With her chunky blue necklace and fitted blazer, Amelia Von Kennel bears little resemblance to your typical farmer. Neither does her husband, Ben Von Kennel. But then again, they don’t really consider themselves farmers.
“We grow tomato plants,” Ben explained, “and we feature them to local markets and restaurants.”
The couple now sources their hydroponically-grown plants to some of the most popular restaurants in Dallas. But before all this, in their early 20s, they both worked in advertising, a world that had always felt familiar. Both of their families were in the industry. They worked long hours and earned steady paychecks but aspired to do something more fulfilling. One day, they decided to risk it all – their financial security, their relationship, their entire life. Ben and Amelia quit their jobs, took out a few loans and moved from Dallas to the small town of Bells to start their own produce business. Ben says Amelia jumped on board the minute he proposed the idea to her. Some friends and family members, however, lacked the same sense of enthusiasm.
“You’re leaving the ad world to become farmers?” Amelia recalled a friend asking. “Some people just didn’t get it,” she said.
And truthfully, neither did Ben nor Amelia at the time. With little to no farming knowledge, they began by searching for a space to grow their plants. After deciding on a piece of property that Ben’s family had already owned, the couple talked to their only source in the agricultural world – a friend who grew lettuce. And they began to self-educate. “To build our business, we had to learn how everything worked from the ground up,” Ben said.
In October 2011, the two moved out to the 130-acre ranch and started construction of the greenhouse. Next, Ben and Amelia needed to learn a thing or two about tomatoes, which they chose simply because “it’s the most versatile fruit you can grow.” And everyone loves tomatoes, Amelia added. Except Ben. “I actually don’t even really like tomatoes,” Ben chuckled. But as the ex-advertising duo knows, business is business. They spoke with some of their favorite high-end restaurants in Dallas and quickly found that tomatoes are in demand, especially during the winter months.
The savvy team was sold. With its greenhouse, the newly named Amelia’s Farm would grow and supply tomatoes year round.
Ben and Amelia decided to grow their tomatoes pesticide-free and hydroponically, which means they are not planted in soil, but rather in a mineral nutrient solution, called perlite, that is spun out of volcanic rock. The tomatoes are then connected to iGrow, a computer system that detects when it is time to feed a crop, and exactly how much food and water they need. One primary advantage of this method is that it never overcompensates food or water and thus wastes as little as possible. It also creates a great product by feeding the tomatoes exactly the right amount.
As if the daily physical labor of growing roughly 200,000 pounds of tomatoes per year doesn’t keep Ben and Amelia busy enough, they also market, package, and distribute their tomatoes. “We wear a lot of hats,” Ben said. “I don’t think a lot of married couples could start a business together. But it works for us.” Fortunately, not only does the advertising aspect come naturally to both of them – after all, it’s “in their DNA,” as Ben says – but the benefits of the unique growing system are in the taste, as well.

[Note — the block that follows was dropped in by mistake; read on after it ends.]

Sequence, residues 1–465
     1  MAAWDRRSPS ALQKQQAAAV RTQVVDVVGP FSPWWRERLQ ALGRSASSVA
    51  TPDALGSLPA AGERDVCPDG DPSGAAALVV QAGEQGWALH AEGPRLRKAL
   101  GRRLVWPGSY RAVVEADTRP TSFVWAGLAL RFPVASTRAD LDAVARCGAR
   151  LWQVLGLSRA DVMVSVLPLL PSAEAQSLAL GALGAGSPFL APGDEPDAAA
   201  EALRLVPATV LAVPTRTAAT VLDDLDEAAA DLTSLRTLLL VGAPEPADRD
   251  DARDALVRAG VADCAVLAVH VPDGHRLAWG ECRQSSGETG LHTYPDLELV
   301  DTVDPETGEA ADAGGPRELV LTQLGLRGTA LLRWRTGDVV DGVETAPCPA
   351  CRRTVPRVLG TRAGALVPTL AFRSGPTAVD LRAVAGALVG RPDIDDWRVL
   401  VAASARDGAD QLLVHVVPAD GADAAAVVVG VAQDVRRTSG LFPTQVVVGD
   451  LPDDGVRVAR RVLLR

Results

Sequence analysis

“When Ben first brought us their product, we were blown away by how delicious they were,” said the general manager of Al Biernat’s Steakhouse, Brad Fuller. He said the restaurant immediately switched over to Ben and Amelia’s tomatoes as soon as they tasted their product, as they “surpassed the quality” of those they had been serving. “We’ll even serve them as a side dish with a little sea salt and extra virgin olive oil. They’re knife and fork tomatoes,” Fuller raved. “Our customers love them.”
Dallas diners at Meddlesome Moth, Rathbun’s Blue Plate Kitchen, JoJo Eating House & Bar, and Green Grocer also enjoy Amelia’s Farm tomatoes. Outside Dallas, Amelia’s Farm also supplies to The Ranch in Las Colinas, Rick’s Chophouse and Square Burger in downtown McKinney, the Hilton Garden Inn in Richardson, and the Green Market in Sherman. In fact, their tomatoes are in such high-demand that Ben and Amelia are actually turning people down until they are able to expand the farm. By the end of 2013, they anticipate doubling their current client list, supplying to a total of 18 restaurants or farmers in the greater North Texas region.
“People are all over us,” Ben said. “And it’s a great feeling.” And not just those in the restaurant business. Some of Ben and Amelia’s friends want it, too – some of the same friends who initially expressed skepticism. “We have friends that are serious about working with us…and we love that, to help them get out of that rat race,” Ben said.
The transition to rural life has suited the Von Kennels, who don’t miss the hectic city life. While they admit that life out in Bells moves a bit slower, the couple drives into Dallas whenever they want a break from the countryside. More importantly, they have come to truly appreciate the calmer change in pace – and lifestyle. “There’s nobody beating on your door saying, ‘Where is this, where is this,’” Ben said, referring to his corporate days in advertising. “We’re our own bosses,” Amelia smiled.
Aspiring journalist Erica Robbie began her internship with D Magazine in January. Robbie, a sophomore at Southern Methodist University, is studying both the print and broadcast sides of journalism, in addition to sociology.